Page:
Sudan’s Prime Minister Abdalla Hamdok on Monday officially invited the United Nations, the United States, the European Union, and the African Union (AU) to mediate in the stalled talks between Egypt, Sudan, and Ethiopia over the disputed Grand Ethiopian Renaissance Dam (GERD), informed Sudanese sources told Sky News Arabia.
Sudan has recently proposed the formation of an international quartet to help the three countries reach a legally binding agreement on the filling and operation of the Ethiopian dam.
Last year, several rounds of AU-sponsored talks, under the chairmanship of South Africa, failed to break the deadlock among the three countries, as Addis Ababa refused to sign any legally binding agreement.
Egypt has issued an official statement endorsing the recent Sudanese proposal for the formation of a quartet.
However, Ethiopia rejected the proposal, informing the DR of Congo, which is the current chair of the AU, that it would only accept talks under the African body.
Egypt has maintained that the speed of the filling of the GERD threatens its share of the Nile’s water.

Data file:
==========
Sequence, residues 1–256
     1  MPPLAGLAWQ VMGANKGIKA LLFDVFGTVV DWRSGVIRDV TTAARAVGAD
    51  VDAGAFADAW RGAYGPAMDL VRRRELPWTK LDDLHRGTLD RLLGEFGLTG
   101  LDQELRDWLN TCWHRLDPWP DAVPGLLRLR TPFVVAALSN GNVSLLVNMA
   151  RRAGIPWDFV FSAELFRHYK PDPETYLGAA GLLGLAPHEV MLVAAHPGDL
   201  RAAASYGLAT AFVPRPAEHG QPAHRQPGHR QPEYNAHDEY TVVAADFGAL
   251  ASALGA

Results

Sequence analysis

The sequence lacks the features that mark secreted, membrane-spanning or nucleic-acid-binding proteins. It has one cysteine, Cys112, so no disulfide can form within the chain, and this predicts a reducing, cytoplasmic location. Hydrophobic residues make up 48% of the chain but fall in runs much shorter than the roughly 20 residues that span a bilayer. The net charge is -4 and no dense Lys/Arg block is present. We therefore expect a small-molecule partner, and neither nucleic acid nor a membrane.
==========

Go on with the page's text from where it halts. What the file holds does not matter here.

Sudan, meanwhile, says the GERD threatens its dams on the Nile and that the second filling of the dam jeopardises the lives of 20 million of its citizens.
Hamdok sent messages of invitation to join the quartet to United Nations Secretary-General Antonio Guterres, US Secretary of State Antony Blinken, European Union’s Foreign Policy Chief Josep Borrell, as well as President Felix Tshisekedi of the DR Congo, who is the current chair of the AU.
Hamdok has expressed Sudan's desire for the international mediation of the quartet to be limited to the controversial points currently in dispute among the three concerned countries.
These points include the necessity of reaching a legally binding agreement, exchange information, and set mechanisms to resolve the disputes and technical issues related to drought periods.
Meanwhile, Sudan reiterated its rejection of any Ethiopian attempts to introduce a review of historic water sharing agreements between downstream and upstream countries in any GERD talks.
Egyptian President Abdel-Fattah El-Sisi and Sudanese officials have agreed during a recent visit by the Egyptian president to Khartoum on the need in the current critical period for utmost coordination between Egypt and Sudan in the GERD file, and stressed their joint rejection of any unilateral actions taken by Ethiopia in the dam dispute.
In recent remarks to Al-Shorouk private newspaper, Sudan’s Minister of Irrigation Yasser Abbas said his country’s proposal for a quartet to mediate the trilateral talks came as a result of the ineffectiveness of the former approach to negotiations in not allowing experts to help Egypt, Sudan, and Ethiopia reach common ground.
Abbas added that Sudan's quartet proposal seeks to convert observers in GERD talks into mediators, especially since the parties that are invited to join the quartet are alrteady familiar with the details of previous negotiations.